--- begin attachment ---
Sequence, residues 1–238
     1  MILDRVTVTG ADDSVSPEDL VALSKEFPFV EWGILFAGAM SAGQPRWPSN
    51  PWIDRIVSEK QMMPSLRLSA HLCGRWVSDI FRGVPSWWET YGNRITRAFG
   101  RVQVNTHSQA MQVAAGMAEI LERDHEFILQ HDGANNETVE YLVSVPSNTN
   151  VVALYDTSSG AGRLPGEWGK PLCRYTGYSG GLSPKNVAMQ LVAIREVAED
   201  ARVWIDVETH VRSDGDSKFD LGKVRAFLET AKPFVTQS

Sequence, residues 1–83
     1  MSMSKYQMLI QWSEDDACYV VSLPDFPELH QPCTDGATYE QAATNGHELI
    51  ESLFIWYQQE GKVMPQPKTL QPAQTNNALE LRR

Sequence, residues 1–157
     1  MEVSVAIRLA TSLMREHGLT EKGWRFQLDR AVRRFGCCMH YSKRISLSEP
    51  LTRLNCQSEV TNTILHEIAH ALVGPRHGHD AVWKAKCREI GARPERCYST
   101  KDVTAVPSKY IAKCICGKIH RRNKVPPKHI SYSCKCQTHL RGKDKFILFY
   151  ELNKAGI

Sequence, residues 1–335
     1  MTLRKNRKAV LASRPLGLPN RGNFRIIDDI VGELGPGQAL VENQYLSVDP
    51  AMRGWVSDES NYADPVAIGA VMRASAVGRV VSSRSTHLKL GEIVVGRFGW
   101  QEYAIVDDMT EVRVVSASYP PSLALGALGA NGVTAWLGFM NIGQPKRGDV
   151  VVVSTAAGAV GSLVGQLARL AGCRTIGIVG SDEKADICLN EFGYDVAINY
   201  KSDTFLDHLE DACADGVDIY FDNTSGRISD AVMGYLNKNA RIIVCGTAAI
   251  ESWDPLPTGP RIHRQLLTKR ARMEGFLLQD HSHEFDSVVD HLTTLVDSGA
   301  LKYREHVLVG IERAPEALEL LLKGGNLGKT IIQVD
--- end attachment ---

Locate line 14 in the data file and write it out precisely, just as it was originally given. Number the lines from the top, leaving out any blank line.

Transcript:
   151  ELNKAGI